You know, it seems you can't live with New Year resolutions and you can't live without them. On one hand, you know the importance of goals and habits to accomplishing anything worthwhile. On the other hand, you know that you'll end up abandoning your New Year resolutions by around January 3. So why bother? If you're an achiever (Type A) personality (like me), you're in double trouble. For a few years in my 20s, I recall making pages--pages!--of resolutions each December. You
About three months ago, I became executive director for a little nonprofit called Voices for Earth Justice. After four years of contract project management for big nonprofits, I was eager to get back to the kind of high-impact local work a small nonprofit can do. Voices for Earth Justice formed in 2002 when two Catholic women, Patty and Sister Janet, saw that nobody was helping the faith community engage in environmental issues. Over the next 15 years, Patty and Sister Janet
"Have to..." burns up a lot of energy, money, and time. "Want to..." generates limitless resources. "Have to..." waits until the last minute to do something and then only to get it over with. "Want to..." can't wait to take action. "Have to..." gives as little as it possibly can. "Want to..." always wants to give more than it reasonably can. "Have to..." hates to see you coming and eventually stops coming around. "Want to..." always shows up and wants to know about next time.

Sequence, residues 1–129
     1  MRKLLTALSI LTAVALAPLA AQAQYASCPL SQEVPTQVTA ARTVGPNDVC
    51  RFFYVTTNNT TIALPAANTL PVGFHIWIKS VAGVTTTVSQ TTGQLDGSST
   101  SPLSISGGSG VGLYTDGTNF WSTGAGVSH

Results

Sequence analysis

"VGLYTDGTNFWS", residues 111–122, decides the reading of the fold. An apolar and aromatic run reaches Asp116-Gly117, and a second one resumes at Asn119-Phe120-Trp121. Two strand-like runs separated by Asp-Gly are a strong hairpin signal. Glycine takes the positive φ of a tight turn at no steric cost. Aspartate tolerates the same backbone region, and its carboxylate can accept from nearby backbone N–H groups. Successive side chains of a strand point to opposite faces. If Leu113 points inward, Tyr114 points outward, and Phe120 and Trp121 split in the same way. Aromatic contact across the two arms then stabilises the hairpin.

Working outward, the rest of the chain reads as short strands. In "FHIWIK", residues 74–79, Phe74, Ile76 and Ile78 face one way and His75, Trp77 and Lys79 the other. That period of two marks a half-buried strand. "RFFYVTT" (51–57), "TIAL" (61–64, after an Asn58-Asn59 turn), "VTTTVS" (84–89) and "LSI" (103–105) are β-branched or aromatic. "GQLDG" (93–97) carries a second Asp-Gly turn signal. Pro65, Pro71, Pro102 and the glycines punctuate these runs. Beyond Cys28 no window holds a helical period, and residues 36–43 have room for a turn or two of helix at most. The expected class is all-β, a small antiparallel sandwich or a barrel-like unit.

Your small nonprofit has a crucial role to play in the chaos and conflict of American politics. I recently wrote about how nonprofits bridge the divisions in our country. I believe our traditional "public square"--civic organizations, houses of worship, and public schools--are increasingly homogenous and protective of their homogeneity. Homogeneity, however, is deadly to small nonprofits. It takes people of surplus means and privileges to source the mission of a nonprofit tha
In the United States, there are 1,571,056 nonprofit organizations. That's one nonprofit for every 202 people who live in the United States. This year, about one out of every four U.S. residents will volunteer at one of those nonprofits. Friend, if you're leading one of those nonprofits, I hope you see just how influential you can be. Most of the time when we talk about nonprofits, we talk about the difference they make in the lives of the people their programs serve. We talk